It started when both the Yellow and Yangtze flooded their banks. Every single province was flooded, with not one area spared. The “Cannon of Yao” has Emperor Yao describing the flood as “boiling water…pouring forth destruction. Boundless and overwhelming, it overtops hills and mountains.”
It could do with the growing sense of China’s place in the world, and their efforts over the centuries to keep the barbarians out while keeping those special people of Shangdi in. Long before the Yellow Emperor defeated Yandi on the fields of Banquan, the Shennong people that would become the Han Chinese were trying to cement their dominance. A large part of that dominance came from their identification of themselves as people living in a certain area, and leaving that area would shatter that identity. It was simply not something that could be done.
So the people stayed, and went to their islands of high ground as the twin rivers rushed by them on either side, their myriad offshoots and tributaries mixing together in a roiling cauldron of water that would grab hold of anything that touched it, washing it into a murky and horrible death.
Society understandably fell apart. Whatever commerce and marketplaces would have ceased, bartering would have become a life or death endeavor, and self-preservation was a trait that took hold in even the most honorable and loving of individuals. It was every man for himself, and often families were torn apart as the rivers had their way with them, and their sense of honor.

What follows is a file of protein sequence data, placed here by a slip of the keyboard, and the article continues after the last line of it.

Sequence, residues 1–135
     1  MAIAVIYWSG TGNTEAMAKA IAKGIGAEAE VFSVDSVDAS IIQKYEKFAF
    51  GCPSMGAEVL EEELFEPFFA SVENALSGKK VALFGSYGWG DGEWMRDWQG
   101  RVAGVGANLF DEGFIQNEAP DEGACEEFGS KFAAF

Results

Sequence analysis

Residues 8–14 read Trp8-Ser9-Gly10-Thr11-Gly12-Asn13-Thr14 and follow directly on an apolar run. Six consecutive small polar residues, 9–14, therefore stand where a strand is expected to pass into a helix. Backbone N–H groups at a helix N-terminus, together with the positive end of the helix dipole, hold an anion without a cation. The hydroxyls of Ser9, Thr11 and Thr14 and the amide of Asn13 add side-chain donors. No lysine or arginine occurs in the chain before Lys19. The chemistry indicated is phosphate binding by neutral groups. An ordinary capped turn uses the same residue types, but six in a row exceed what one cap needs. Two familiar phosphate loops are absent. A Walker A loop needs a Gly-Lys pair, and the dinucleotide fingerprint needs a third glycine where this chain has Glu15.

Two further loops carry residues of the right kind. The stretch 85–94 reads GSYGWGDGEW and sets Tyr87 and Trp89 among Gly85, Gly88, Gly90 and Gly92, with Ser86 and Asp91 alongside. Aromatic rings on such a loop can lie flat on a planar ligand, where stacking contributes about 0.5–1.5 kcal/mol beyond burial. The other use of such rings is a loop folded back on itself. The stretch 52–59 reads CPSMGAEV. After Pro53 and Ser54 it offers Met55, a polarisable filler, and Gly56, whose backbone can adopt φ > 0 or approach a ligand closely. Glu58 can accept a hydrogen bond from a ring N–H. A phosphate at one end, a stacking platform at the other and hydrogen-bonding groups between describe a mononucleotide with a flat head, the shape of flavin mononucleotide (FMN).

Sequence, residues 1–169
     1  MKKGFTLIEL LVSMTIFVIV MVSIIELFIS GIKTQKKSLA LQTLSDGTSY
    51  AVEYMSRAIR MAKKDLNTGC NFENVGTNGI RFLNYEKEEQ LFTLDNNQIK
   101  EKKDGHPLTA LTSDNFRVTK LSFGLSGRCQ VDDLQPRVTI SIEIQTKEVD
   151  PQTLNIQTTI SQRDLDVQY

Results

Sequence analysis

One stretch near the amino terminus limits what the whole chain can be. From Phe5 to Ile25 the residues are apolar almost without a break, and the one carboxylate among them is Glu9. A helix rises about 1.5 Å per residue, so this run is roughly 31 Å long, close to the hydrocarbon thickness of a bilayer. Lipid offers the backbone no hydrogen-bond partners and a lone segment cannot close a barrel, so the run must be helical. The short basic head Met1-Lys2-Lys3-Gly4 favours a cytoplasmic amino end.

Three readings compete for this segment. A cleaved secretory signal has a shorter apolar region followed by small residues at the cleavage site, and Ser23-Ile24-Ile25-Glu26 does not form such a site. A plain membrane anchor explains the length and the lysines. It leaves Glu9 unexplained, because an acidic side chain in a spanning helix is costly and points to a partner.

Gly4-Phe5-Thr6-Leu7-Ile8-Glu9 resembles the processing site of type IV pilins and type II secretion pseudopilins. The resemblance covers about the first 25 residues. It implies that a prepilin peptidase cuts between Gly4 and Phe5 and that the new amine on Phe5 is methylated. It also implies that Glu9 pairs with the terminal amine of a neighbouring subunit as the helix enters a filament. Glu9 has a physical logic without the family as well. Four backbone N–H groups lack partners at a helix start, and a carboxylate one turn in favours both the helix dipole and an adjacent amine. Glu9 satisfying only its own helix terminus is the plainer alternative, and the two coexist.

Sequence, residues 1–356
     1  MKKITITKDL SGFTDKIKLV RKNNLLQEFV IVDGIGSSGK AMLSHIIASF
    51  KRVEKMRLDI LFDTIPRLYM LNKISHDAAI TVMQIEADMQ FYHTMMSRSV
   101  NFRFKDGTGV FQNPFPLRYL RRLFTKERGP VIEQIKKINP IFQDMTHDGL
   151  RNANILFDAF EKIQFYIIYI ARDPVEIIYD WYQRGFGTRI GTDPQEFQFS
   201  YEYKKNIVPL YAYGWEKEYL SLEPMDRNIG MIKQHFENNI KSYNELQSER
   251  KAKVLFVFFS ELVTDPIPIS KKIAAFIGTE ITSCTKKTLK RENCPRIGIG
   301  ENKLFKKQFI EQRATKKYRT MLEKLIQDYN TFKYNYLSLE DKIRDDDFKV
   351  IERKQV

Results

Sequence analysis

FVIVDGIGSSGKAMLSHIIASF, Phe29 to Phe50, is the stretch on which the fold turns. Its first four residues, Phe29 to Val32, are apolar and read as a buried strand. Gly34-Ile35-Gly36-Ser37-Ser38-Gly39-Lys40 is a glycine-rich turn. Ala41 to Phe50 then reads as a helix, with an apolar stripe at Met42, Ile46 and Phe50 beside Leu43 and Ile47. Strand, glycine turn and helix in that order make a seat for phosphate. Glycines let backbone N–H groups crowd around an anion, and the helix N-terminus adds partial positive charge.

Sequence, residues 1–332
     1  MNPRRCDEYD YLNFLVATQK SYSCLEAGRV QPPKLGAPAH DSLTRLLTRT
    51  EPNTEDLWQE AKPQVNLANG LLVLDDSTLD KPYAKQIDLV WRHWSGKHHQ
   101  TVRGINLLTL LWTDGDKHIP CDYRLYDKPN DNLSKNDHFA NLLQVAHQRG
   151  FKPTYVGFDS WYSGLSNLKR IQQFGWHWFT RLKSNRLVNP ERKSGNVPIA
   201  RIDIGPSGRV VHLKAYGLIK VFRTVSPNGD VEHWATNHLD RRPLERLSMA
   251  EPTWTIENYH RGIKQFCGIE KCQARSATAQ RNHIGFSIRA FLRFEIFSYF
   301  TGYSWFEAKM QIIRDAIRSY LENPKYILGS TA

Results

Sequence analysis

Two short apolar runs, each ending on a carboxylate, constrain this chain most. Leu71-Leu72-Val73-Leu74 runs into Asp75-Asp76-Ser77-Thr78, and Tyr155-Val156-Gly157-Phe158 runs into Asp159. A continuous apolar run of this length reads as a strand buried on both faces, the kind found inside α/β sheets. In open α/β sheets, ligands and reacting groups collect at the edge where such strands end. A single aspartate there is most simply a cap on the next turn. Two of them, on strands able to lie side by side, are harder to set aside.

Images of families abandoning children while rushing to higher ground, rulers standing atop balconies as peasants cried for their lives below, and children being flung from backs to lessen the load in the mad dash for survival that comes when death is close on your heels.
There would have been heroic acts as well. Mothers clutching their children tightly as everything around them washed away, fathers tossing children to awaiting arms as the flood waters took them, and rulers spending all that they’d made in futile efforts to stop the water.
Yao tried everything and turned to everyone. He was a desperate man. Expert advice was sought, and he found it with the Four Mountains. Who or what they were is anyone’s guess, but it’s likely they were advisors, possibly high-ranking and trusted bureaucrats that oversaw an administratively-divided empire. Of course they could have been actual mountains that he rode out and consulted, shouting up to their high peaks in expectation of enlightenment. Perhaps it was a combination of both, but either way, Yao didn’t like the answers he received, and that was to put Yu in charge of flood control.
Legend has it that Yu was never home because of his work and that he’d been married but four days before heading off at the behest of the new emperor Shun. For the next thirteen years he was at work, although he did pass by his home on occasion. Once he heard his wife giving birth. The next time he heard his son call out to him. The final time his son was ten years old and came to the door, asking why Yu wouldn’t stop and stay for awhile. Yu explained that he couldn’t, for while he and his mother had a home, countless others did not and would never again unless he acted – no one else would
One would like to think Yu’s son stood there that day and understood, but it’s hard to see how. The floods had to be stopped however, and both Shun and Yu sought every way imaginable to do that. They key lay in asking heaven for help.